Featured Films include: "Here I Am" (Bruce Baillie), "Aleph" (Wallace Berman), "The Riddle of Lumen" (Stan Brakhage), "Eyewash" (Robert Breer), "Bridges-Go-Round" (Shirley Clarke), "By Night with Torch and Spear" (Joseph Cornell), "Peyote Queen" (Storm De Hirsch), "(nostalgia" (Hollis Frampton), "Fog Line" (Larry Gottheim), "Litlte Stabs at Happiness" (Ken Jacobs), "Hamfat Asar" (Lawrence Jordan), "I, an Actress (George Kuchar), "New Improved Institutional Quality" (Owen Land), "Necrology" (Standish Lawder), "Note to Patti" (Saul Levine), "The End" (Christopher Maclaine), "Notes on the Circus" (Jonas Mekas), "Go! Go! Go!" (Marie Menken), "The Off-Handed Jape... and How to Pull It Off" (Robert Nelson & William T. Wiley), "7362" (Pat O'Neill), "Chumlum" (Ron Rice), "Bad Burns" (Paul Sharits), "Odds & Ends" (Jane Conger Belson Shimane), "Film No. 3: Interwoven" (Chick Strand), "Mario Banana (No. 1)" (Andy Warhol)
Featuring newly recorded music by John Zorn, a 70-page book of program notes with a forward by Martin Scorsese, more than 200 interactive screens, and 2 postcards from the films.
You had me at John Zorn.
I'm sorry I didn't see "I've Loved You So Long" earlier. It's a blistering pair of lead performances by Kristin Scott Thomas and Elsa Zylberstein as sisters separated by a long prison stretch for Thomas. Whatever she did, the film isn't in a hurry to tell you, and that tension as well as the pain that simmers just below the surface in both of these women is what makes the film so powerful. It's in French, but don't let that dissuade you. The feelings that fuel the film are universal.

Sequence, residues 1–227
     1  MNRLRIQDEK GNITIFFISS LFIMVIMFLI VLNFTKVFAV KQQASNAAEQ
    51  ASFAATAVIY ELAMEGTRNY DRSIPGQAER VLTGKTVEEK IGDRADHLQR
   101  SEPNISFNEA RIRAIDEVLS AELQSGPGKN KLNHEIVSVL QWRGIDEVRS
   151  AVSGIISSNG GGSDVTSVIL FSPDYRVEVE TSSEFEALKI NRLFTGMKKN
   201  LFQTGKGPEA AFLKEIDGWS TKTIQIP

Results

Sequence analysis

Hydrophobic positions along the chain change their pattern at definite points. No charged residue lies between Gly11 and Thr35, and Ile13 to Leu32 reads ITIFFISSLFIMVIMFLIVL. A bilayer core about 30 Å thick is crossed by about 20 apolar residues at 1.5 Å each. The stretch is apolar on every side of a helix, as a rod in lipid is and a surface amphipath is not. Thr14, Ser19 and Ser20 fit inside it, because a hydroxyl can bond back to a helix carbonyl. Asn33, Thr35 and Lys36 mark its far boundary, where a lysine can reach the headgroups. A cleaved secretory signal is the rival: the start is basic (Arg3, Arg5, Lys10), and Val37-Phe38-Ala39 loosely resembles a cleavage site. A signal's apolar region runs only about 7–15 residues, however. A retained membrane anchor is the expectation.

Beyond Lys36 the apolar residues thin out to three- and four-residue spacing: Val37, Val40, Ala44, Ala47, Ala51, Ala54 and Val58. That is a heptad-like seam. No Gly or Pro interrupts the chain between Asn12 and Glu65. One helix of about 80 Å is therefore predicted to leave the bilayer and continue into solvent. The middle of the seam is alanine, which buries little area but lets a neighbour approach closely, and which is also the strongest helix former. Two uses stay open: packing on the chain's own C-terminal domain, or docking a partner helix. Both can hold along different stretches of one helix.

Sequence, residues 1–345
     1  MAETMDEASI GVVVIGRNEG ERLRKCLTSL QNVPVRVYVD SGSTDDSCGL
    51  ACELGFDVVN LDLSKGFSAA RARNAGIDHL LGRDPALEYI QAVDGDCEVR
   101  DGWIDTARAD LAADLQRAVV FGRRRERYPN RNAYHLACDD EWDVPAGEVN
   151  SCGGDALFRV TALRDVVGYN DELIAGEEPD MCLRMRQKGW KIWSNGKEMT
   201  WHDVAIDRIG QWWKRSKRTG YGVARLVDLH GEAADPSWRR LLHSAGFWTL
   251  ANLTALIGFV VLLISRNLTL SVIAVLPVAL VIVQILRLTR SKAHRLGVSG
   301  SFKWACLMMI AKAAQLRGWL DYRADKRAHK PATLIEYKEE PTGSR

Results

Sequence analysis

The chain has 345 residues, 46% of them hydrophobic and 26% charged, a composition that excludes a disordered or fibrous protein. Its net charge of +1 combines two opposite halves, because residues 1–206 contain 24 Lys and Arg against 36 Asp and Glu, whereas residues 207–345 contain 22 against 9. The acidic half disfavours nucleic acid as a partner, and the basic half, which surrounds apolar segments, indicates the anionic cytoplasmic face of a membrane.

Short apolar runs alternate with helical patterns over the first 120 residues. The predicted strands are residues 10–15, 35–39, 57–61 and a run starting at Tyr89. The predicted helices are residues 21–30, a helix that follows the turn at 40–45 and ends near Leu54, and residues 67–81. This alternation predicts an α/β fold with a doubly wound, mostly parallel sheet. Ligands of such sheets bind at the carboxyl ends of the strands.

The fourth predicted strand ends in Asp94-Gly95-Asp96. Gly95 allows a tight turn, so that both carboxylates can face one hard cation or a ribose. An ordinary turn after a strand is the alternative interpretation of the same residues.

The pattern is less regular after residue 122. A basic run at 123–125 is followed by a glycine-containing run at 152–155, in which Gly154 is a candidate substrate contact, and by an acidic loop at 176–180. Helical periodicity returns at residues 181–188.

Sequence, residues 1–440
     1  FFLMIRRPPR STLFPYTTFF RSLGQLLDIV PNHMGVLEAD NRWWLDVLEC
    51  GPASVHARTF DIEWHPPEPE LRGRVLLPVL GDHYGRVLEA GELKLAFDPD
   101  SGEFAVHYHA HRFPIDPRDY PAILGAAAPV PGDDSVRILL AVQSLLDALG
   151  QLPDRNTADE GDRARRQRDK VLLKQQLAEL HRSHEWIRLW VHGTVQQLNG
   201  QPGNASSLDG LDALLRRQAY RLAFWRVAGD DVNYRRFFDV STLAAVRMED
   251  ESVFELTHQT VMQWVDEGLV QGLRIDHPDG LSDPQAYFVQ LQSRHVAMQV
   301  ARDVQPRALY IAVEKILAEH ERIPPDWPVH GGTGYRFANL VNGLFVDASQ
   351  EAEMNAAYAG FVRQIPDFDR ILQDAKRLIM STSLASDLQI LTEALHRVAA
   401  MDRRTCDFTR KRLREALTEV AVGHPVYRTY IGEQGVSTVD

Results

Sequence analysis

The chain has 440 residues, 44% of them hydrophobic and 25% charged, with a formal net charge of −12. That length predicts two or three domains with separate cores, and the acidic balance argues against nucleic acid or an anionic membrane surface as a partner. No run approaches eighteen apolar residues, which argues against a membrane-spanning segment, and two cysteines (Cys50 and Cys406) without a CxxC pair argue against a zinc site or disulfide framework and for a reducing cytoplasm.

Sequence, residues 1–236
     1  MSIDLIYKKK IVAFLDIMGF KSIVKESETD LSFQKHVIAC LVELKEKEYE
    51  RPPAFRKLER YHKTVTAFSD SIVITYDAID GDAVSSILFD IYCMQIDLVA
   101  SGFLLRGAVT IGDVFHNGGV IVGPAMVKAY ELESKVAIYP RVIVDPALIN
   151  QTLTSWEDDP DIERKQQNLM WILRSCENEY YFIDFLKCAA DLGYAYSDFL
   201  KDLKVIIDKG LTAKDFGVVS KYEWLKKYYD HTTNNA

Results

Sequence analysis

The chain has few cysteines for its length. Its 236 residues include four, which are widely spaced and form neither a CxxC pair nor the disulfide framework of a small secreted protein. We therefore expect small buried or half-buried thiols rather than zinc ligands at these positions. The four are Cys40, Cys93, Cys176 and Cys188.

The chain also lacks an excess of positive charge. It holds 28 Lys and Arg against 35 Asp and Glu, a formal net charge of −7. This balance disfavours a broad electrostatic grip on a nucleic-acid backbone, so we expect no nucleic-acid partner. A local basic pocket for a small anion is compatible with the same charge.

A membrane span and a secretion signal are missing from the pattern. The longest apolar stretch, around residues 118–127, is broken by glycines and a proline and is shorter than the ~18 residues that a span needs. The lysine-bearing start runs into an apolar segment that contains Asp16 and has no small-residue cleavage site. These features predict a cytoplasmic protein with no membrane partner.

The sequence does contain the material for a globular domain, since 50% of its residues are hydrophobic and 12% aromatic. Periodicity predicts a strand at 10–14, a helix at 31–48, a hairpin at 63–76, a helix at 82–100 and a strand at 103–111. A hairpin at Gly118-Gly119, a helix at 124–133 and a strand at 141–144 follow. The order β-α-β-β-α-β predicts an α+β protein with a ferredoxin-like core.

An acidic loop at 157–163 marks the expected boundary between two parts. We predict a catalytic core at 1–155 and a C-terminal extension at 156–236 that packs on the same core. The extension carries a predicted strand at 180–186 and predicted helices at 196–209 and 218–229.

Although I'm not crazy about the push to create special editions and director's cuts and alternate versions of everything these days, I admit a real sense of excitement about finally checking out "Ashes Of Time Redux" this week. I've still got a wicked case of the vapors after watching my Criterion BluRay edition of "Chungking Express," and I'm curious what it was that drove Wong Kar Wai back to "Ashes of Time" all these years later. Hopefully this will be one I pick up soon. If you're unfamiliar with it, it's the most atypical film on his filmography, a metaphorical piece about a swordsman in the desert who helps broker the interactions of other swordsmen. Picture the Shaw Brothers version of "Eternal Sunshine Of The Spotless Mind," and you're in the right ballpark.
Finally, there are a few vintage titles I'll pick up this week, like "The Buccaneer," Cecil B. DeMille's adventure film with Frederic March in the lead, or the great "Johnny Handsome," directed by Walter Hill and featuring one of the last of the awesome '80s Mickey Rourke performances. And while I wouldn't call "Narrow Margin" great, it's a slick, stylish Peter Hyams film, and I have a real fondness for this era of grumpy Gene Hackman performances. Finally, I'm going to indulge a bit of nerdstalgia and pick up "The Return Of Man From U.N.C.L.E.," although I should probably pick up that awesome box set of the complete series first.
NEXT WEEK: Looks like a big week, with titles like the new "Pinocchio" BluRay from Disney, "Cadillac Records," "Let the Right One In," "Milk," "Rachel Getting Married," and the title absolutely no one has been demanding, "Howard The Duck."
Which my three-year-old now loves to a distressing degree.
But more on that next time.
On The Shelf appears here every Monday. Except when it doesn't.